No, this post will not actually tell you how to find the “right” word. Instead, I will try to convince you that the right word is the one that you want to write anyway. In other words, writing is about voice–your voice–and about communication, in a way that is uniquely you. We all end up imitating the writers that we have read or that we like and admire, but we also adopt and borrow styles from multiple authors, so that the mishmash that is our voice ends up to be something unique and distinctive. And that is a good thing. No matter what your teacher says.
If you don’t believe me that voice is important, consider my own reading habits. When I go to read about politics, I am just as likely to read David Brooks as I am Paul Krugman. I don’t agree with David Brooks on a multitude of issues, but I like the way he writes, the way he constructs his arguments, and the way he crafts his sentences. The voice draws me back to him, and I learn about writing by reading him.
In the same way, I love reading Cormac McCarthy, a novelist with a very distinctive voice, very different from David Brooks, indeed. McCarthy is the author of The Road, and he’s, well, great. I love the way he writes, whether it’s about Mexico in the 1930s or about a post-apocalyptic family. Some people hate his style, though. See B. R. Meyers’s A Reader’s Manifesto: An Attack on the Growing Pretentiousness in American Literary Prose for someone who hates the style or voice of Cormac McCarthy.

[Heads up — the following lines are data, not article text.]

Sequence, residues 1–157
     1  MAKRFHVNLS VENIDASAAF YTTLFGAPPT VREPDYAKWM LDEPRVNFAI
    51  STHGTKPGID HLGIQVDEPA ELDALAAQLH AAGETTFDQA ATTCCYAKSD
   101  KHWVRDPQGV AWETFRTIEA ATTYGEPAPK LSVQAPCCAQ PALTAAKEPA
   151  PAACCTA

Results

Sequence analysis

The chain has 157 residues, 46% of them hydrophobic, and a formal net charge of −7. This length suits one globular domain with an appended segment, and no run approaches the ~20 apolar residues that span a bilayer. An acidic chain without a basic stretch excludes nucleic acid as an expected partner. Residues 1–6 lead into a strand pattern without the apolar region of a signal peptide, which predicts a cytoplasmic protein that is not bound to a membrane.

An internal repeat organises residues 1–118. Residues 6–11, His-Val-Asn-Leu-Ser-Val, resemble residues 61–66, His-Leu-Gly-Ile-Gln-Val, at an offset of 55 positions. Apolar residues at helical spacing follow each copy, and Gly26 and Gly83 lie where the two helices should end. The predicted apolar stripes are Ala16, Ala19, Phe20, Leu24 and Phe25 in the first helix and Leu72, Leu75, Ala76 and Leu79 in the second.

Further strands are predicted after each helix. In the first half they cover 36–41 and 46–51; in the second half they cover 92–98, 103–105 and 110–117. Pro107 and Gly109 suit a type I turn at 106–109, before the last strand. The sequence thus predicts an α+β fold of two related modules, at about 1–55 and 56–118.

Voice is important, and it should be unique, which means that when you are searching for a word to use, simply write the word down. Maybe there isn’t a perfect word, or maybe you don’t know it. And if you donit know it, that means it isn’t your word, or your voice. Instead, rewrite it to use a word that you do know. If that means that you have to rework the entire sentence, then do it.
Whatever you do, don’t just consult the thesaurus, because, well, you aren’t the thesaurus, and anything that comes out of the thesaurus does not come from you. It’s the thesaurus writing, not you. Robert Masello puts it this way in his Robert’s Rules of Writing: 101 Unconventional Lessons Every Writer Needs to Know:
It’s as if you’ve swapped your customary Hawaiian shirts for a three-piece suit and a watch fob. If you think people won’t notice, think again. (Rule 3: Throw away your thesaurus.)
I love that image. Partly because I wear both Hawaiian shirts and three-piece suits, although not usually at the same time. I also love it because it is so jarring, the juxtaposition of the Hawaiian shirt with the three-piece suit makes me chuckle. They don’t go together. And neither does someone else speaking through you. It’s not your voice.
The voice should be yours, so be confident in it and let your own voice shine through.